Capital Pulmonary Internists, P.C.
Arterial Blood Gas
 
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Definition:
An arterial blood gas (ABG) test measures the acidity (ph) and the levels of oxygen and carbon dioxide in the blood from an artery. This test is used to check how well your lungs are able to move oxygen into the blood and remove carbon dioxide from the blood.As blood passes through your lungs, oxygen moves into the blood while carbon dioxide moves out of the blood into the lungs. An ABG test uses blood drawn from an artery, where the oxygen and carbon dioxide levels can be measured before they enter body tissues.

What an Arterial Blood Gas Measures:

  • Partial pressure of oxygen (PaO2). This measures the pressure of oxygen dissolved in the blood and how well oxygen is able to move from the airspace of the lungs into the blood.  
  • Partial pressure of carbon dioxide (PaCO2). This measures how much carbon dioxide is dissolved in the blood and how well carbon dioxide is able to move out of the body. 
  • pH. The pH measures hydrogen ions (H+) in blood. The pH of blood is usually between 7.35 and 7.45. A pH of less than 7.0 is called acid and a pH greater than 7.0 is called basic (alkaline). So blood is slightly basic.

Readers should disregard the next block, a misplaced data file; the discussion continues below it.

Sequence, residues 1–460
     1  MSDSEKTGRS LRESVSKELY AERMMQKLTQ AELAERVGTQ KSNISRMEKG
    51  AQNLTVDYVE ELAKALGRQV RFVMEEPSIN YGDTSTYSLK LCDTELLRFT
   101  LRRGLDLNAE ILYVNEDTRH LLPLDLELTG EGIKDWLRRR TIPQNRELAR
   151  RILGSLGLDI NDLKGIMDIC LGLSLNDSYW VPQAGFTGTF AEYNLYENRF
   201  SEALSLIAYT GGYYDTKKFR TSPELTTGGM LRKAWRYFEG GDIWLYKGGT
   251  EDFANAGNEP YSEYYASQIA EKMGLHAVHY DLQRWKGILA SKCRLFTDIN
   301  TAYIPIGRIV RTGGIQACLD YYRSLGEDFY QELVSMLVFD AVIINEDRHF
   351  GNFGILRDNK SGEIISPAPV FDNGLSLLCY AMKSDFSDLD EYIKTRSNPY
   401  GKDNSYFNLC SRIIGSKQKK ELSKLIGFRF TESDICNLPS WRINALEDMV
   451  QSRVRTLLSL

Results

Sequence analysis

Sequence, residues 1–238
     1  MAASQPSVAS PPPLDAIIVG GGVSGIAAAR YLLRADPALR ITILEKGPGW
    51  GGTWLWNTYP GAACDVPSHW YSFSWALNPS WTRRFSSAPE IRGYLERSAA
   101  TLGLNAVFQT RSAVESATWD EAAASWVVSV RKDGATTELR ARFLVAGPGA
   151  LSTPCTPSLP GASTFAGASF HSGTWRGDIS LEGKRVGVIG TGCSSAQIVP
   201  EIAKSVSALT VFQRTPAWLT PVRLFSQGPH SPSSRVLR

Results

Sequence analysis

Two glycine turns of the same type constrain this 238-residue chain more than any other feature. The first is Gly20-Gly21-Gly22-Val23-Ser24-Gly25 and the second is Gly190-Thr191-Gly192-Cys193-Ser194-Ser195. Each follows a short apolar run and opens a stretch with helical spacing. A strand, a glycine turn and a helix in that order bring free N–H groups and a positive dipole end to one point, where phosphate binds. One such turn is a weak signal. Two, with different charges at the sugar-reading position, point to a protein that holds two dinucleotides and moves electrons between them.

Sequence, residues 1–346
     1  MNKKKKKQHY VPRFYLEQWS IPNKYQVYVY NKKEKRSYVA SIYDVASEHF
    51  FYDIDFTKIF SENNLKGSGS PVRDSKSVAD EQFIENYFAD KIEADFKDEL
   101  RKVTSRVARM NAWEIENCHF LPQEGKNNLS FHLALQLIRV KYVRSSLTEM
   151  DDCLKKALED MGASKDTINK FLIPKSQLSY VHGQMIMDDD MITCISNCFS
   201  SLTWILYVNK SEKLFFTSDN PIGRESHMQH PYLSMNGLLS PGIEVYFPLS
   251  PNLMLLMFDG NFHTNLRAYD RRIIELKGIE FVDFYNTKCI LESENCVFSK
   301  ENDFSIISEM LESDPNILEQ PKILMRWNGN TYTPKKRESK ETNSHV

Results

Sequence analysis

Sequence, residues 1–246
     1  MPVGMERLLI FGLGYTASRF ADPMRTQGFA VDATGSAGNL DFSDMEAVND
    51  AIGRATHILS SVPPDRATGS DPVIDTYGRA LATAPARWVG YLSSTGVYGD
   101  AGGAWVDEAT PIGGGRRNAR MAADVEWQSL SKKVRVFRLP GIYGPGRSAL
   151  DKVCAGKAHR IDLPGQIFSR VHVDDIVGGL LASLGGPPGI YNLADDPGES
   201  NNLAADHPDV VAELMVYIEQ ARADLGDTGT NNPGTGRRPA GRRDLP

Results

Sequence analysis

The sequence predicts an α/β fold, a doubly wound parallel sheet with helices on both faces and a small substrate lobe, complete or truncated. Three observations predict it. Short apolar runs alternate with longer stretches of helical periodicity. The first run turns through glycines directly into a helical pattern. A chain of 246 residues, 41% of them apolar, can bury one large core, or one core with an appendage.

• Bicarbonate (HCO3). Bicarbonate is a chemical (buffer) that keeps the pH of blood from becoming too acidic or too basic.
  • Oxygen content (O2CT) and oxygen saturation (O2Sat) values. O2 content measures the amount of oxygen in the blood. Oxygen saturation measures how much of the hemoglobin in the red blood cells is carrying oxygen (O2).

Why the test is ordered:

  • Check for severe breathing problems and lung diseases, such as asthma, cystic fibrosis, or chronic obstructive pulmonary disease (COPD).
  • See how well treatment for lung diseases is working.
  • Find out if you need extra oxygen or help with breathing (mechanical ventilation).
  •  Find out if you are receiving the right amount of oxygen when you are using oxygen in the hospital.
  • Measure the acid-base level in the blood of people who have heart failure, kidney failure,   uncontrolled diabetis, sleep disorders, severe infections, or after a drug overdose.

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